'Modern Guilt' by Beck a lovely, weird psych-folk record

Patrick Varine

Both Beck and DJ Danger Mouse can be acquired tastes. The former’s experimentation fusing multiple genres of music together can come off as novelty to some; the latter’s out-there work with Cee-Lo Green as Gnarls Barkley can do the same.

But they’re also both capable of working magic, as evidenced by Beck’s previous effort, "The Information" as well as Danger Mouse’s genius pairing of Jay-Z and the Beatles on "The Grey Album" and his expert sonic backdrops as one half of DangerDoom on "The Mouse and the Mask."

Additionally, there’s little doubt that both could be the co-editors at Obscure Music Quarterly (props to sports reporter Jeff Mitchell for that one), so it should come as little surprise that when they got together to compare notes on their favorite old-school psychedelic rock, the result would be a lovely and weird psych-folk record that doesn’t sound immediately like either artist.

On first listen, "Modern Guilt" seems like what would have happened if Beck and company had recorded "The Information" with a lot more acoustic instruments and reverb. The tight, thickly-layered harmonies of Information’s “Strange Apparition” feature prominently, and the melancholy-future-paranoid vibe is still firmly in place.

And like much of Beck’s other work, the old coexists anachronistically alongside the new: the skittery drum-and-bass percussion with the otherwise lilting “Replica”; square-wave synthesizer fills with the chugging title track. But several songs are straight-ahead band numbers, with minimal tinkering on Danger Mouse’s part: the haunting, conspiracy-theory “Chemtrails,” the stomping “Soul of a Man,” and the surf-music-on-a-bad-acid-trip “Gamma Ray.”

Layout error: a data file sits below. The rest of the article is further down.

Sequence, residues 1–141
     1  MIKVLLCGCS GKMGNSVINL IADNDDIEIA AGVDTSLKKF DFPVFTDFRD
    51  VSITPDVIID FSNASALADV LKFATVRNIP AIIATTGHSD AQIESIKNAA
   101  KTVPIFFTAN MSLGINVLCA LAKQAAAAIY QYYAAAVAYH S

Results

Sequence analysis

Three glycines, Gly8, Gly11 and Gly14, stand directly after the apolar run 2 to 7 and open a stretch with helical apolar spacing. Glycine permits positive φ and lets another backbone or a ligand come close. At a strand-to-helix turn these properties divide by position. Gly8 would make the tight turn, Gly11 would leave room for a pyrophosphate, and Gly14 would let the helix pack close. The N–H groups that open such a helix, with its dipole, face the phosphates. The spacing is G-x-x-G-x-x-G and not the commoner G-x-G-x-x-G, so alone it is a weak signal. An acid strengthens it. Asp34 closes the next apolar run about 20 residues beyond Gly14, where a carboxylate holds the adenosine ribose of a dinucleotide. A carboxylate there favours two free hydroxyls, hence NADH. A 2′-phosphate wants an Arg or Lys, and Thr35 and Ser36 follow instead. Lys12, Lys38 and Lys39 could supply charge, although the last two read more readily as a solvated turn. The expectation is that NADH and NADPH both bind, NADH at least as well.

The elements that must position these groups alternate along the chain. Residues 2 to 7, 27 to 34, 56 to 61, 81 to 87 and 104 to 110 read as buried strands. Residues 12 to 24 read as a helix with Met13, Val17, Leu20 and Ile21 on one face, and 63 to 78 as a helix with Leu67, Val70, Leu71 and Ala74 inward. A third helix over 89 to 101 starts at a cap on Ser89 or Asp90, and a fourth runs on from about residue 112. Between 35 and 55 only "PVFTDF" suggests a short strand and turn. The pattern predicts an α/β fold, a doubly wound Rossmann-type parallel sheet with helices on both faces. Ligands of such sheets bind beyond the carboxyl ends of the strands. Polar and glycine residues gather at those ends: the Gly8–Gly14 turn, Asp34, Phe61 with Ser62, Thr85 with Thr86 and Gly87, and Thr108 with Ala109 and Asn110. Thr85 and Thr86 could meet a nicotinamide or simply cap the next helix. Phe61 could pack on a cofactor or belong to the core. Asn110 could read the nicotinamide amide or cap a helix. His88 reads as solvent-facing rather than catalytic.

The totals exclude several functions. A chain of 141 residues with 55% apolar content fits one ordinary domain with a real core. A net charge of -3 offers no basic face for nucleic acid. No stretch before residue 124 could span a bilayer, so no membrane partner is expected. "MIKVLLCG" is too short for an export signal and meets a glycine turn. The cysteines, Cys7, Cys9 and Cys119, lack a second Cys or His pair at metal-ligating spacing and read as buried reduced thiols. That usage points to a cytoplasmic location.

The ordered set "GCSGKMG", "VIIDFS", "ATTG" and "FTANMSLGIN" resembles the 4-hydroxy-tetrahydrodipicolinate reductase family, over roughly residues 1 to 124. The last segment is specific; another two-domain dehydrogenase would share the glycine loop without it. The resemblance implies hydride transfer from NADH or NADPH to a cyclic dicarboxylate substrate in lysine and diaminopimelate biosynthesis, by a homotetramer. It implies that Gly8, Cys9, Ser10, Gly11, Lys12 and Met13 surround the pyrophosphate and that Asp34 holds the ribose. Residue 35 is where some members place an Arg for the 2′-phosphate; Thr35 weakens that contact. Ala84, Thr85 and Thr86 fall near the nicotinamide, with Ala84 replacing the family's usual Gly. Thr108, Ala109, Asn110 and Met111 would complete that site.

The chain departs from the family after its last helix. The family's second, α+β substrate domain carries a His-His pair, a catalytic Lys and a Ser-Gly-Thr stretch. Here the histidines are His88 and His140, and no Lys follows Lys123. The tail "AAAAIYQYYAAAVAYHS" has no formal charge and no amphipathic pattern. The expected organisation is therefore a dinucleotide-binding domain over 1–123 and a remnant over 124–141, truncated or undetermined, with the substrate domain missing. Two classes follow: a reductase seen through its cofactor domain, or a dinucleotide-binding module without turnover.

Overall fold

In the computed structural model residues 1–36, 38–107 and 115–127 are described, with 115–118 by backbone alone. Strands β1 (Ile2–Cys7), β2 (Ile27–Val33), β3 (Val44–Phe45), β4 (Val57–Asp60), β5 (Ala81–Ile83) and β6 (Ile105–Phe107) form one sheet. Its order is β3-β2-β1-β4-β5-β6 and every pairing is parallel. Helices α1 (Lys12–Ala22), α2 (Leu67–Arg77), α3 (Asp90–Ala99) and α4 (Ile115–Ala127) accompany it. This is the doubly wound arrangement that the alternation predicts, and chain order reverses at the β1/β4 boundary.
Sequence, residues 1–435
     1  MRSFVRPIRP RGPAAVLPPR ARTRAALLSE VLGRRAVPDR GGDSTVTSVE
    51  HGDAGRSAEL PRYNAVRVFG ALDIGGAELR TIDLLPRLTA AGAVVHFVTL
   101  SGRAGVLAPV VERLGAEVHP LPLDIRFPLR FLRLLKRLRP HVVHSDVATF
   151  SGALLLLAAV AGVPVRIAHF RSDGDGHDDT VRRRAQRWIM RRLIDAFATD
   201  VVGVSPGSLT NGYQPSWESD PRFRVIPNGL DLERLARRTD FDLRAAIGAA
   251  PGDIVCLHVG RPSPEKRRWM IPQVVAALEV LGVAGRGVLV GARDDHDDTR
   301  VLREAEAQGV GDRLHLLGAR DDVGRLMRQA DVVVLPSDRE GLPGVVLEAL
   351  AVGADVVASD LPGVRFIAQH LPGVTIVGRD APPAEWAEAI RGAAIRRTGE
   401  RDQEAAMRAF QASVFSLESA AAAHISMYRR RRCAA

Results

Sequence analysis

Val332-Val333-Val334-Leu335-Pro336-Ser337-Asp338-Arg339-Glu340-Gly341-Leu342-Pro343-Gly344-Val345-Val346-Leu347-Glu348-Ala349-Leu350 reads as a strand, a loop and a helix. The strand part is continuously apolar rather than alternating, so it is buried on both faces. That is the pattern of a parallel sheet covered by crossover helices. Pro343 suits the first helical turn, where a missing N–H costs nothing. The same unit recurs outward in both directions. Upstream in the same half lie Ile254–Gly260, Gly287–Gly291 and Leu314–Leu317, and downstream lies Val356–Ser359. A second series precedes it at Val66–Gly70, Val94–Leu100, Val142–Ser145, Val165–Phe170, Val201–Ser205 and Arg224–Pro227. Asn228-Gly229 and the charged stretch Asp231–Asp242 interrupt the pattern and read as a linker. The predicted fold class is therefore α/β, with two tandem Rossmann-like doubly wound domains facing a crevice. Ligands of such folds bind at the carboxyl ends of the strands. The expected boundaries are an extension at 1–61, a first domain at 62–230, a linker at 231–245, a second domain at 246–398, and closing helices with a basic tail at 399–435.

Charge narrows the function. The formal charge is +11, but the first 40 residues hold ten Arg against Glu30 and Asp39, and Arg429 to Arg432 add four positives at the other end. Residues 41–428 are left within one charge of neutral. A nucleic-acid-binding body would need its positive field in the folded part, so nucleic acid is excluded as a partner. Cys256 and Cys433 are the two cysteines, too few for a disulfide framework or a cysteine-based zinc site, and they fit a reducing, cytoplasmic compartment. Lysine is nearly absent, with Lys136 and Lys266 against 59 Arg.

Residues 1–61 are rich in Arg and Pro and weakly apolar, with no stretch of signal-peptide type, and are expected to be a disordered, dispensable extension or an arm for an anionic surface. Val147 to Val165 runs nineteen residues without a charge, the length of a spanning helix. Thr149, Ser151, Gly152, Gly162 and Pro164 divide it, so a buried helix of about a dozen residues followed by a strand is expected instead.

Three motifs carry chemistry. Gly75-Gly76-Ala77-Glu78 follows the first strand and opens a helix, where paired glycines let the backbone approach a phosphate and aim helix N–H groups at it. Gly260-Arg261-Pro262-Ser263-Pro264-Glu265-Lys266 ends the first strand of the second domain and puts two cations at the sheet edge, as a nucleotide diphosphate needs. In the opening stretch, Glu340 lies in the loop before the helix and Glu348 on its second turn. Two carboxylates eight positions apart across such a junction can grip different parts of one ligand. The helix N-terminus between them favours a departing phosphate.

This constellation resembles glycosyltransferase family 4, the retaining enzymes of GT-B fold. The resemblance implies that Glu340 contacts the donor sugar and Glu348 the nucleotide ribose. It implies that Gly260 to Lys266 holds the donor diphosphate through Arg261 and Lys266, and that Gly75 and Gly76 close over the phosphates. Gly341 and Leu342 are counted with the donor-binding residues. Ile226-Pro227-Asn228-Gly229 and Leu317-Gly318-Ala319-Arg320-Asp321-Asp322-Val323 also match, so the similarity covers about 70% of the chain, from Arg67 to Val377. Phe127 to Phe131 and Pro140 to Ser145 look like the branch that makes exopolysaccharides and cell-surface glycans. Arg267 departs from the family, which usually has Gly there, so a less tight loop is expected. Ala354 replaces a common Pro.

And while "Modern Guilt" is easily Beck’s most mature-sounding record – one could make an argument for "Sea Change," however – it’s still a bit tricky making sense of his lyrics (“Trying to hold/Hold out for now/With these ice caps melting down/With the transistor sound and my Chevrolet terraplane /Going round, round, round/Come a little gamma ray /Standing in a hurricane /Your brains are bored /Like a refugee /From the houses burning /And the heat wave's calling your name,” from “Gamma Ray”).

It’s best to just enjoy the imagery, and the subtle touches of ’60s psychedelia sprinkled throughout the record work well with Beck’s stream-of-consciousness wordplay, as well as give it a rootsier sound that could just as easily appeal to boomers as to their children.

Danger Mouse seems to bring out an excellent side in whoever he’s working with, whether it’s Cee-Lo, the Black Keys or MF Doom. While it may not be Beck’s best album, "Modern Guilt" is a very enjoyable step in yet another slightly new direction.

Modern Guilt will be released today. Click here to listen to previews on

Sussex Countian